Vegetables – Dealing with Pests Part 1

May 05, 2009

Vegetables - Dealing with Pests Part 1

One of the interesting things about growing food crops more or less organically, is, how comparatively simple it all becomes once you’ve got your garden in balance.
For many years we were bullied into believing that only by dosing, spraying and watering with a variety of poisons could we grow the superb, over-sized and shiny crops we all wanted. Some time ago I had one of those ‘light bulb’ moments when talking to a friend of mine who had a job in a garden shop. We looked at the shelves full of poisons, and suddenly both came to the conclusion that it couldn’t be the right way to garden.
Firstly –think of planting some flowers in amongst your vegetables – their colors and perfumes attract many beneficial insects, as well as giving you pleasure while you are cultivating your rows of food crops.
The insects attract birds, which eat slugs and snails and so on. When we moved to our present home, we had a terrible snail and slug problem. The garden is small and sheltered and the slimy ones had a field day. I bought a bird feeder – not only did it feed the birds, but happily reduced the slug population.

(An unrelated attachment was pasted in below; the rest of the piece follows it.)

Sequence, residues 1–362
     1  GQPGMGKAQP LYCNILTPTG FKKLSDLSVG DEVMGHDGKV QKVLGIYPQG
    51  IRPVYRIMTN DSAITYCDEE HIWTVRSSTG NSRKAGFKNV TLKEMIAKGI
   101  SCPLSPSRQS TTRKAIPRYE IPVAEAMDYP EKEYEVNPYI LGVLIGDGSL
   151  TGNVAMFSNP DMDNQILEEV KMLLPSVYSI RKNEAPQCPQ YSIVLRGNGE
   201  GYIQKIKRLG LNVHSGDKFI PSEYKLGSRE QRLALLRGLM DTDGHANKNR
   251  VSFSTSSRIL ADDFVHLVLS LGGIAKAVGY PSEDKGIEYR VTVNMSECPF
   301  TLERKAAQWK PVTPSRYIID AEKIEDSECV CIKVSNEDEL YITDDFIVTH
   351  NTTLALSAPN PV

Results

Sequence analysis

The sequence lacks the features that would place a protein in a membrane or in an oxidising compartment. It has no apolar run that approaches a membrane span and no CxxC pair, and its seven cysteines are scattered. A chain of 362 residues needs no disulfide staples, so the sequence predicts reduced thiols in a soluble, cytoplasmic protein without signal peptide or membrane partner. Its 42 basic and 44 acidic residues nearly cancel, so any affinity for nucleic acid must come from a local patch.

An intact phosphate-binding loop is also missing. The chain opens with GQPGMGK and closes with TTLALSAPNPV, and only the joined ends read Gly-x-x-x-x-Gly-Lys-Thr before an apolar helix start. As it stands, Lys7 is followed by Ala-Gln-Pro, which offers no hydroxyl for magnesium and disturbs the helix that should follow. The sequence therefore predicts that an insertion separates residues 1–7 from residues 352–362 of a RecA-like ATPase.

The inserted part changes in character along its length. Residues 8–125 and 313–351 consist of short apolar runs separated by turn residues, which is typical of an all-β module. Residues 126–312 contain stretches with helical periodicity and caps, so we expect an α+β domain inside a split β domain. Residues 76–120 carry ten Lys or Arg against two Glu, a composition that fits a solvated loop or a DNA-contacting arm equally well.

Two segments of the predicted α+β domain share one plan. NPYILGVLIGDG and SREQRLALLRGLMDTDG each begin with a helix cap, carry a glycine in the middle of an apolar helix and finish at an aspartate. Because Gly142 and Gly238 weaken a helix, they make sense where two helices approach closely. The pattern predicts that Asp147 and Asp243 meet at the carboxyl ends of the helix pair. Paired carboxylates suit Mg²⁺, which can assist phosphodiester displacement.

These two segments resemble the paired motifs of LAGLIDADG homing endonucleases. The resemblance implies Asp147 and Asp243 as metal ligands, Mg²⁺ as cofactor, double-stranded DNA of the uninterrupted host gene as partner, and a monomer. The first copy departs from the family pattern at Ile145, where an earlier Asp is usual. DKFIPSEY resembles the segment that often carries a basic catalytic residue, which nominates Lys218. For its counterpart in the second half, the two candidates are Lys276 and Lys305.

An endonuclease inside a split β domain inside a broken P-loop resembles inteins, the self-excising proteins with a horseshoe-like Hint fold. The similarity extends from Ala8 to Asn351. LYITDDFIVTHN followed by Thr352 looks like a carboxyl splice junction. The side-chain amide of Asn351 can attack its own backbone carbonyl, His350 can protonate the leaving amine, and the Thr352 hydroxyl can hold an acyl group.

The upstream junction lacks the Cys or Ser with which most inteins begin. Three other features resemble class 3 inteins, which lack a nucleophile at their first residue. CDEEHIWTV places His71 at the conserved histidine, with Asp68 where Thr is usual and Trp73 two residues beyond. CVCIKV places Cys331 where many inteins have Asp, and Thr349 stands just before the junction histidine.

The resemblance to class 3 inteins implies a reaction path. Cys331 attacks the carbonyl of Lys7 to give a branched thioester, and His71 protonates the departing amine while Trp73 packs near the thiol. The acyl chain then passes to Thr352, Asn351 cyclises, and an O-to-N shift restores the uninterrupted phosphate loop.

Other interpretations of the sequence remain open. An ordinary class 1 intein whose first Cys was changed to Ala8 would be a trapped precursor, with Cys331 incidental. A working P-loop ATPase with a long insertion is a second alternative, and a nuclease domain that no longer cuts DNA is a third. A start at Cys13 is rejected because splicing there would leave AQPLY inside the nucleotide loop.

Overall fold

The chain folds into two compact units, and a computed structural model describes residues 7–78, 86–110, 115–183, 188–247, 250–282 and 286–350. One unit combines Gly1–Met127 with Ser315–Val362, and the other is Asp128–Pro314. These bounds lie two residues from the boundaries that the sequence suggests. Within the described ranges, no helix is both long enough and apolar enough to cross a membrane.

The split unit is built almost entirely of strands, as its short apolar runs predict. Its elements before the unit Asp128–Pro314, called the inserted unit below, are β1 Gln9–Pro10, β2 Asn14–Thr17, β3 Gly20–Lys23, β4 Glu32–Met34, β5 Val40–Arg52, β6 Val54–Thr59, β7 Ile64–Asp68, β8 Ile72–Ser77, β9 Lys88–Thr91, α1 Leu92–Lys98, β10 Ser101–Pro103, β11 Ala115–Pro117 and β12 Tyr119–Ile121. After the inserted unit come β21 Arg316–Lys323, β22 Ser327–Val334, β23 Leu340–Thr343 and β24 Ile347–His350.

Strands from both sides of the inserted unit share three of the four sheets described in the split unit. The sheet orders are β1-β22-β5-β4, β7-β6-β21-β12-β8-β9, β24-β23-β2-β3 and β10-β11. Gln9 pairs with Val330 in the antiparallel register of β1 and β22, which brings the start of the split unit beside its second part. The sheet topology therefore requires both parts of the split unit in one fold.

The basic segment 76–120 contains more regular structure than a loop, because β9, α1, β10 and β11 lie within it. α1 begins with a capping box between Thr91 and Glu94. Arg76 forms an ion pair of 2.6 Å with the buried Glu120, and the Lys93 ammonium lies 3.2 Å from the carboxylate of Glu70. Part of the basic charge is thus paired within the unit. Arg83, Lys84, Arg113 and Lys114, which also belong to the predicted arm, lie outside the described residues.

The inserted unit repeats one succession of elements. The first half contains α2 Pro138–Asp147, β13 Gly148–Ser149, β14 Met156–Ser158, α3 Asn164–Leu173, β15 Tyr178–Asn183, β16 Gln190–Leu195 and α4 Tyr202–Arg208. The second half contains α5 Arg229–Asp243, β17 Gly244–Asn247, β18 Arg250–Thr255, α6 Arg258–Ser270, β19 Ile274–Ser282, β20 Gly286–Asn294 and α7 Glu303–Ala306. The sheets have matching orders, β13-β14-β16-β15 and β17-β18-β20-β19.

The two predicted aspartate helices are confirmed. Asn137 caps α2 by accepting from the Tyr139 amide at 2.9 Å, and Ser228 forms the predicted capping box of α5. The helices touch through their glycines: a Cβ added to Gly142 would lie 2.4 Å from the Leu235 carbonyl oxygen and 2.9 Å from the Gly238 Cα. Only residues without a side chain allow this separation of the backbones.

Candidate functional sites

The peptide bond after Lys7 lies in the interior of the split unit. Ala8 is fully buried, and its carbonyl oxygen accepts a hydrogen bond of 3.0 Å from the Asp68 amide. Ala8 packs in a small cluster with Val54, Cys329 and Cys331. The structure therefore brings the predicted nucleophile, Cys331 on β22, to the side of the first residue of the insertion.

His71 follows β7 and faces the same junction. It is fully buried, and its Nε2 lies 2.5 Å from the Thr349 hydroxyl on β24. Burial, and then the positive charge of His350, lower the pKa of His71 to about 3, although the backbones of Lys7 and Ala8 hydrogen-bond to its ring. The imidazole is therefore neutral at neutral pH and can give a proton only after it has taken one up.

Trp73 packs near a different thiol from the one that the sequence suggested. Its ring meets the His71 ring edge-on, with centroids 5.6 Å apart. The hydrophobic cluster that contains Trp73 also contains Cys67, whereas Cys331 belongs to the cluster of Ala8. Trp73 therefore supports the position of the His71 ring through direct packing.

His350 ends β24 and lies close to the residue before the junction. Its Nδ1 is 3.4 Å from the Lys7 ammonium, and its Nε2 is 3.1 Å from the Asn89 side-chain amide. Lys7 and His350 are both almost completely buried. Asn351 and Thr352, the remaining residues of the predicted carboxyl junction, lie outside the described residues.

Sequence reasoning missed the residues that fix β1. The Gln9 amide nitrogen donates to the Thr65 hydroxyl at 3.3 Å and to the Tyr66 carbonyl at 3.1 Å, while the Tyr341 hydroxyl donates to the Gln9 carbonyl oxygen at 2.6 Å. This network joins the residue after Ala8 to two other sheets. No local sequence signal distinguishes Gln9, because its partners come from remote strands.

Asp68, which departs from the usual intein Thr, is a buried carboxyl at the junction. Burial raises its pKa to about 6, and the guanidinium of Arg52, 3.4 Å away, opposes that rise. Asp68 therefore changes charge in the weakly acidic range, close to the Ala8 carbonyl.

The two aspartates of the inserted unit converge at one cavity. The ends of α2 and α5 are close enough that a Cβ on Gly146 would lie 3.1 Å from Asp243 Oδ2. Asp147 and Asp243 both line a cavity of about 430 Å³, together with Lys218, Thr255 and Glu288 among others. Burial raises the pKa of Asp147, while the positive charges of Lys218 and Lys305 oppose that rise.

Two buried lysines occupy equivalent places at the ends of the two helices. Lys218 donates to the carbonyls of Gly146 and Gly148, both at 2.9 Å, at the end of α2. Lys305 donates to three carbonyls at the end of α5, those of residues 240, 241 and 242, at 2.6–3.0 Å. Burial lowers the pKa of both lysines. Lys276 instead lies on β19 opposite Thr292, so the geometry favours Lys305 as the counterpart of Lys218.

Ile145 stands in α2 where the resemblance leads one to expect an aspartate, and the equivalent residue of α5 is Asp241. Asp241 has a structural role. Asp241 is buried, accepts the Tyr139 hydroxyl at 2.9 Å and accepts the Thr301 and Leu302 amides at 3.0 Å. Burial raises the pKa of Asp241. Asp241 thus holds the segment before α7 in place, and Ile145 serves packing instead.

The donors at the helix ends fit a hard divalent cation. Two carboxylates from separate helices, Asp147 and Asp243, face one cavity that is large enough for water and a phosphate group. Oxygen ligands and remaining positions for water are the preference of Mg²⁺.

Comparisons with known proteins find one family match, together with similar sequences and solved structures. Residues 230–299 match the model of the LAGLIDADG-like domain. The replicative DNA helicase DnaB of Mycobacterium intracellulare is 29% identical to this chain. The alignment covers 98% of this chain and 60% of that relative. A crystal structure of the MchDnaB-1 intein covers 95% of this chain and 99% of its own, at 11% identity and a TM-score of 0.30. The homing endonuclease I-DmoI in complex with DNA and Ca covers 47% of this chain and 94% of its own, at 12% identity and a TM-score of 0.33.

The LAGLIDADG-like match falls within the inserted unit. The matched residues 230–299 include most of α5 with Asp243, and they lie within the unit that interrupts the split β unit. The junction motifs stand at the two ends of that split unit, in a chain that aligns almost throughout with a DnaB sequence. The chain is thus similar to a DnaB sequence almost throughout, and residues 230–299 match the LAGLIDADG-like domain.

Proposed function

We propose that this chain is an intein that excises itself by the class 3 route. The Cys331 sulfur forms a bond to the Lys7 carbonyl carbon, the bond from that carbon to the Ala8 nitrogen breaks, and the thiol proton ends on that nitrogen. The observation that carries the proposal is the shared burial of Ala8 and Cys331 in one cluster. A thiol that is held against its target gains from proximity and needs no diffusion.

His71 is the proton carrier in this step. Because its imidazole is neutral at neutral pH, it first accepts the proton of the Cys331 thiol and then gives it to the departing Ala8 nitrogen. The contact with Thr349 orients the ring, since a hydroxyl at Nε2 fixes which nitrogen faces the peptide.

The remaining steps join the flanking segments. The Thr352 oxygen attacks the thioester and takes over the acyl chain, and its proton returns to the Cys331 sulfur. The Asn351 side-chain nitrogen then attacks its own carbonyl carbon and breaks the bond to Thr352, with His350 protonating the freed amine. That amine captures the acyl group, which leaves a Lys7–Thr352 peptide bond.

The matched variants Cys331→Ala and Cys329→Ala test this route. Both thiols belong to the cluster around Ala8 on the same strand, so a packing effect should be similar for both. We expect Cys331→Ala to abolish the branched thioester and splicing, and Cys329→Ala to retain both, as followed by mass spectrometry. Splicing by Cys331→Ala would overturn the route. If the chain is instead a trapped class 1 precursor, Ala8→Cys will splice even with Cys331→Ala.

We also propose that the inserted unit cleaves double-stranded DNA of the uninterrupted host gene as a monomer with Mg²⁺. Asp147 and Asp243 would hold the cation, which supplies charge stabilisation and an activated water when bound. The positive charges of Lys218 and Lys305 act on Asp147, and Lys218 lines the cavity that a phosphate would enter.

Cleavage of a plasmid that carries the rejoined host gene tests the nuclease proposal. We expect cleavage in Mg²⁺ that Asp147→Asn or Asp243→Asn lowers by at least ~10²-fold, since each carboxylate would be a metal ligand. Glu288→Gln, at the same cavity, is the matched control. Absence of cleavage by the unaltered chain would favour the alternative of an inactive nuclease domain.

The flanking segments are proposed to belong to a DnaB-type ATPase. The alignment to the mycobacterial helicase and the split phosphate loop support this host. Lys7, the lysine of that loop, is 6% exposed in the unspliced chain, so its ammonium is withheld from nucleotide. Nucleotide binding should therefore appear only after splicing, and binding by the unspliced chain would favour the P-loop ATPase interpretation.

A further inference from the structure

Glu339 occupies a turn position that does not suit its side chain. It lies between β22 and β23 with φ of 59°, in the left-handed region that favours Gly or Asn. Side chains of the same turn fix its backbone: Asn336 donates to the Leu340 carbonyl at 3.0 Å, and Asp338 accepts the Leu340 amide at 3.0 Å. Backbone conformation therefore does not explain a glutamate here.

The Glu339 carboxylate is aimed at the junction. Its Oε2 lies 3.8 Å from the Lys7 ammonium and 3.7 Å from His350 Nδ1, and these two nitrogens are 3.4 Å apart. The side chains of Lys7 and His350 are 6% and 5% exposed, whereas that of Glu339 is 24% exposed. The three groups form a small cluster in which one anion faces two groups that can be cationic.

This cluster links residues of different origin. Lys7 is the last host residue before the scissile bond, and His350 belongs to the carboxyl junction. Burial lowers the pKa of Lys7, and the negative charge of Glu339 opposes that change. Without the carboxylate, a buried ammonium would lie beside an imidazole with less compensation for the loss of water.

The subject of companion planting is one which people used to think was just pure moonshine.
However, it has become clear that some plants do make other plants more pest (and disease) resistant. Some of the well known ones are:
Nasturtiums- will repel the beetles that like cucumbers and some beans.
English Marigolds and the small flowered ones called Tagetes - when grown with outdoor tomatoes, repel the insects that like eating them.
Garlic or onions grown into alternating rows with carrots are said to repel carrot fly - and the smell of the carrot fronds, in their turn, repel the onion fly!

There are books likeRoses Love Garlic: Secrets of Companion Planting with Flowers by Louise Riotte (available on Amazon) and websites like on beneficial companion planting, which are well worth reading even if you do take some of the claims with a pinch of salt!
I am a great one for planting garlic with many vegetable and flowering plants; I really think it benefits them, and I’ve yet to be disproved!
As always
Happy horticulture,